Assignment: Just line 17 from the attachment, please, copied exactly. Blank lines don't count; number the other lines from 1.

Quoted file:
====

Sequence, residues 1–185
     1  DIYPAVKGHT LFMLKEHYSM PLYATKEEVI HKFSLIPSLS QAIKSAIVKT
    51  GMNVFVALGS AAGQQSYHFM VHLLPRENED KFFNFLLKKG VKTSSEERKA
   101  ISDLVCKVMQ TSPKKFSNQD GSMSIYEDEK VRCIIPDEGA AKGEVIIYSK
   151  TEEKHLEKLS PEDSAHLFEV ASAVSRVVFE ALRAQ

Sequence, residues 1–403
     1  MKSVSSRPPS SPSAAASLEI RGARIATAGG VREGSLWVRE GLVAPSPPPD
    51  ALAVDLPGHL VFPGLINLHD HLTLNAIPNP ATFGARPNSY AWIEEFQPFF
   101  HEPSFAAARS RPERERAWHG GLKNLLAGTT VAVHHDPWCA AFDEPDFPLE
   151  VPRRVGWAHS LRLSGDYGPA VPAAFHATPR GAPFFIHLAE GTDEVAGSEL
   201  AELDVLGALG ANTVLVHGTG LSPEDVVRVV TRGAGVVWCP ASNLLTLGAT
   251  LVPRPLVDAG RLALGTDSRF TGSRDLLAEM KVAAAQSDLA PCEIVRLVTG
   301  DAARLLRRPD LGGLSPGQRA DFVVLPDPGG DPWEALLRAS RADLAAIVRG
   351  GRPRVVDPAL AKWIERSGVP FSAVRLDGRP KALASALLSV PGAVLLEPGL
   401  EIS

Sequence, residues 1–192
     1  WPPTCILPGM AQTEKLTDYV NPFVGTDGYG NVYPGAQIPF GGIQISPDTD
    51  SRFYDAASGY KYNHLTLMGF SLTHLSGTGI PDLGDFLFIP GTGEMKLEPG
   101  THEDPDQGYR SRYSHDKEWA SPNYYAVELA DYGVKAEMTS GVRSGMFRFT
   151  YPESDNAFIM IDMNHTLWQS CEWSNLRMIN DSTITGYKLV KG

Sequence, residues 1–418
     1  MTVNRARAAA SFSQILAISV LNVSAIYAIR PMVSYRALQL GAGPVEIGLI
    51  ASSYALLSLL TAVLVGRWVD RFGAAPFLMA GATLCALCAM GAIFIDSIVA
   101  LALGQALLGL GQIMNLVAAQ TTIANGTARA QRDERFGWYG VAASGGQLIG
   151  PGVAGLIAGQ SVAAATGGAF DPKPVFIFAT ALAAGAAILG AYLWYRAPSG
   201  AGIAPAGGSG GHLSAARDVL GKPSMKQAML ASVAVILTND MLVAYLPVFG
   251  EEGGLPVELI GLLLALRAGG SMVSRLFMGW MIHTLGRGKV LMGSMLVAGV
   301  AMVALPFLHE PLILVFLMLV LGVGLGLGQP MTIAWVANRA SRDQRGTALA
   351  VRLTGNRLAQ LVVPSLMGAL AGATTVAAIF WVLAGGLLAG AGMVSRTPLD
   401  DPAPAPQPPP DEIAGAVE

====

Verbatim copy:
     1  WPPTCILPGM AQTEKLTDYV NPFVGTDGYG NVYPGAQIPF GGIQISPDTD